SANTA FE ― Supreme Court Chief Justice Charles W. Daniels told lawmakers Thursday that a lack of funding has damaged New Mexico’s justice system and potentially could cause the dismissal of criminal cases if courts are unable to provide speedy trials as constitutionally required.
“I wish I could tell you that New Mexico is providing the functioning justice system promised in the constitution that created ground rules of our government, but I can’t,” Daniels said in a State of the Judiciary speech to a joint session of the Legislature. “The failure isn’t caused by a lack of will of the judges and employees of the judicial branch. They’ve gone above and beyond the call of duty to try to keep justice working.”
The Judiciary accounts for about 2.6 cents of every $1 spent on state government from New Mexico’s main budget account. Daniels said that’s inadequate for the courts to fulfill their constitutional and statutory obligations in serving the public.
The Judiciary has struggled with underfunding for several years. However, recent budget cuts have pushed courts to the breaking point. Some district and magistrate courts have been forced to close their clerk’s offices during part of the work week, reducing the hours that court employees are available to the public.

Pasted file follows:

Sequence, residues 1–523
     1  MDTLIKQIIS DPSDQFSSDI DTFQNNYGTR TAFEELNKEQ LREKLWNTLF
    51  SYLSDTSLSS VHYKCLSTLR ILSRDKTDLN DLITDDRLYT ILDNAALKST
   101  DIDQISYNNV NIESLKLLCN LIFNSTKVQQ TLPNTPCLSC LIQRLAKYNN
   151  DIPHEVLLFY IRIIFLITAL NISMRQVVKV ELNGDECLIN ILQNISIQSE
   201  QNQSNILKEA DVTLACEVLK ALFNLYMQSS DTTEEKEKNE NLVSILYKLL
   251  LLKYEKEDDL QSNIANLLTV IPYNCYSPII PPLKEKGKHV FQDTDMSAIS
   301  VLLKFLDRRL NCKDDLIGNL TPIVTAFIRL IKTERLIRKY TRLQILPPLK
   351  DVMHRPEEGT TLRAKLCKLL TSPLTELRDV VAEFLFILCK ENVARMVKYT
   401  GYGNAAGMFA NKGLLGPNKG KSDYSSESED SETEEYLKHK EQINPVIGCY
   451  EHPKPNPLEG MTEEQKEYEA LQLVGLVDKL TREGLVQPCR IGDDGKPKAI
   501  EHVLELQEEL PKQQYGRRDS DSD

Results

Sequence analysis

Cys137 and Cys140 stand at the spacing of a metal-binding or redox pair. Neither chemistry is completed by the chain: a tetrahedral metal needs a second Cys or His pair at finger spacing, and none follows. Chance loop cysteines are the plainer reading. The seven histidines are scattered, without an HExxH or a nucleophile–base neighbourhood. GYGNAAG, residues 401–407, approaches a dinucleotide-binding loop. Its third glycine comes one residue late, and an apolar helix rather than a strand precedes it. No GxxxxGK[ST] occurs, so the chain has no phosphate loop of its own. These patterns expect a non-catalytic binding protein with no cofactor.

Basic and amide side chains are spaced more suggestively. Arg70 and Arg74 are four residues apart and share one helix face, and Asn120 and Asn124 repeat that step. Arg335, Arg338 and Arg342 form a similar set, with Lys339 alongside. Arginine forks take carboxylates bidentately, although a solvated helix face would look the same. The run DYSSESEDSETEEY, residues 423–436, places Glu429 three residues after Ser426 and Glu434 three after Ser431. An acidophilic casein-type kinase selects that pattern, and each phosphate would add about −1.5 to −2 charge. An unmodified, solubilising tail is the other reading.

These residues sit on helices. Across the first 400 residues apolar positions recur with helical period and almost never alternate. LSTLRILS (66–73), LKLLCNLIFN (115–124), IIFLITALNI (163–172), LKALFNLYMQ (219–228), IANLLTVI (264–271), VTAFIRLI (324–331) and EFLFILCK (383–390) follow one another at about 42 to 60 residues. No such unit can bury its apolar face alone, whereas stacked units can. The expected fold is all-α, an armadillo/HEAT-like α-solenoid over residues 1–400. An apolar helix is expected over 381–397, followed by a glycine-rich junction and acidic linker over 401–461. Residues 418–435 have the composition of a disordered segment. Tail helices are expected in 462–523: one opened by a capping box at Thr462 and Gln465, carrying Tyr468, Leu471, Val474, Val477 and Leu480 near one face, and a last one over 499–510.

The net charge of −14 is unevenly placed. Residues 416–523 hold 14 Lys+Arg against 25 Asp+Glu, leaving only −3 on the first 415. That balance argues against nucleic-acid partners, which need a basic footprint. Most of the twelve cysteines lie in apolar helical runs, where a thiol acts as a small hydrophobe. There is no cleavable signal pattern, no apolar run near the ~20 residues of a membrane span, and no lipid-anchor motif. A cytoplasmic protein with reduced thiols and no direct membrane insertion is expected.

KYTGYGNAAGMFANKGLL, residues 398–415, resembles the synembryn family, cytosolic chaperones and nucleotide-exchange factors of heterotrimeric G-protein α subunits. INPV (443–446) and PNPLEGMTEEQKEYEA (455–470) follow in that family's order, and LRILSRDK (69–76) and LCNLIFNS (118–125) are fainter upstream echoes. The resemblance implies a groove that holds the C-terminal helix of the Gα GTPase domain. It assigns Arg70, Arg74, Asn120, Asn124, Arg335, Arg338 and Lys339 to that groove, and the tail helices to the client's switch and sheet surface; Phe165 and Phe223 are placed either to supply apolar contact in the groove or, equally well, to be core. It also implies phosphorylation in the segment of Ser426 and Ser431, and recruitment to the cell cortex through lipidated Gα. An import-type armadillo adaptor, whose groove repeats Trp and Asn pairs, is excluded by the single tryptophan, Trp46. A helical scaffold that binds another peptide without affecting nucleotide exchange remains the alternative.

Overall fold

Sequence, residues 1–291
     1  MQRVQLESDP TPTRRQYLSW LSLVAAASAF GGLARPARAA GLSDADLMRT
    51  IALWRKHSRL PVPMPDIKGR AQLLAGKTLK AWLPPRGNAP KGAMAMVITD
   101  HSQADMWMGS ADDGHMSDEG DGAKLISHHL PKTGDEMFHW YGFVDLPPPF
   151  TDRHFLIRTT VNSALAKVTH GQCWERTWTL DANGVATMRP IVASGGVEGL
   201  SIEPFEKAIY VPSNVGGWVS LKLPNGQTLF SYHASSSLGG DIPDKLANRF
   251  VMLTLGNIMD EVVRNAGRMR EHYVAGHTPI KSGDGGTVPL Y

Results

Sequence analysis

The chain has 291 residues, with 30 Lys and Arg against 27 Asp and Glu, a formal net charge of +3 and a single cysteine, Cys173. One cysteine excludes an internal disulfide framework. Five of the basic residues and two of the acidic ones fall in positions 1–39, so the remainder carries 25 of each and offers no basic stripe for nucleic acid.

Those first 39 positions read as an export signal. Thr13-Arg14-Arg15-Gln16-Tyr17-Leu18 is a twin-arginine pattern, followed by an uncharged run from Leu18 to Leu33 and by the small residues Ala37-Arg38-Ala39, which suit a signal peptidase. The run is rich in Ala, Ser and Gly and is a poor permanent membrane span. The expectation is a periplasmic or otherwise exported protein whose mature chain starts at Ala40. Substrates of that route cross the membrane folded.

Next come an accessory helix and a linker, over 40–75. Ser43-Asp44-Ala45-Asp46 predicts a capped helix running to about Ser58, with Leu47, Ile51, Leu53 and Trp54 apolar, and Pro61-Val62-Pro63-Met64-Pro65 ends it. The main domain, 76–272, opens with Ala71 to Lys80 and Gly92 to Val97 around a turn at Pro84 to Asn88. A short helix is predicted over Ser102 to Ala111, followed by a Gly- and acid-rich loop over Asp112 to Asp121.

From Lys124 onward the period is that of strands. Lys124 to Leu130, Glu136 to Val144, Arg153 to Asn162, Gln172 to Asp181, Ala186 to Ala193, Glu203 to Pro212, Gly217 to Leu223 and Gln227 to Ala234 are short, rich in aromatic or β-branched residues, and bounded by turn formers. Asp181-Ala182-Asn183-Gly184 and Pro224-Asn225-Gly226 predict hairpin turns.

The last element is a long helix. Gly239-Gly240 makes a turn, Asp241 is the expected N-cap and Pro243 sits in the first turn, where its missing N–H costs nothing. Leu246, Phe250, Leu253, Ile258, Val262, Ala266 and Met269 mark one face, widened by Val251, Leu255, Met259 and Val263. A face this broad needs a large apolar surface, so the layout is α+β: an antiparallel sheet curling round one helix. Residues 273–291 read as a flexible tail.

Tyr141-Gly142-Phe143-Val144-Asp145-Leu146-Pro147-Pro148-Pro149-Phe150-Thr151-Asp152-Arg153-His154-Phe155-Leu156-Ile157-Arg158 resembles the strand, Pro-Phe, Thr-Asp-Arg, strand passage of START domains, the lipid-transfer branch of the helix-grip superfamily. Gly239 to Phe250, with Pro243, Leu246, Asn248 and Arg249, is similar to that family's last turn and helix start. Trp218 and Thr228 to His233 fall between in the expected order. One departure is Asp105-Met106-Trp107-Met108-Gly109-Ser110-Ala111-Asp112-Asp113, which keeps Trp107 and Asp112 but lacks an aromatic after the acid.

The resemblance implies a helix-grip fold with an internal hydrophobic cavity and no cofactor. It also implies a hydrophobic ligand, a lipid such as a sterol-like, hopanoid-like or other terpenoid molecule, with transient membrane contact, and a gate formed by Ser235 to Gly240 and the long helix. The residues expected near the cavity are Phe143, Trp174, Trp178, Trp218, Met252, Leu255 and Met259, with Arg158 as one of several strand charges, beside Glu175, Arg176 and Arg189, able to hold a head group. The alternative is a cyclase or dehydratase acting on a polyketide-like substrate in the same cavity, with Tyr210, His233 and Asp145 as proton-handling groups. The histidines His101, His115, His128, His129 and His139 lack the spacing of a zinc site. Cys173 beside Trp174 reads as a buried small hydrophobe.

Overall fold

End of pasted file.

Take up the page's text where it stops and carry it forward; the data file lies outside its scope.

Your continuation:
Courts may soon be unable to hold jury trials because money will run out in March to pay for jurors. There’s a budget shortage for payments to court-appointed attorneys required to represent children in abuse and neglect cases, and for magistrate court building leases.
“We are a long way past anything that can honestly be called belt-tightening. Our justice system is now on life support, and its organs are shutting down,” Daniels said in his prepared remarks.
The Judiciary’s budget in the current fiscal year is $156 million. That’s down from $162 million in FY2016. The judicial operating budget was nearly $154 million in the 2009 fiscal year.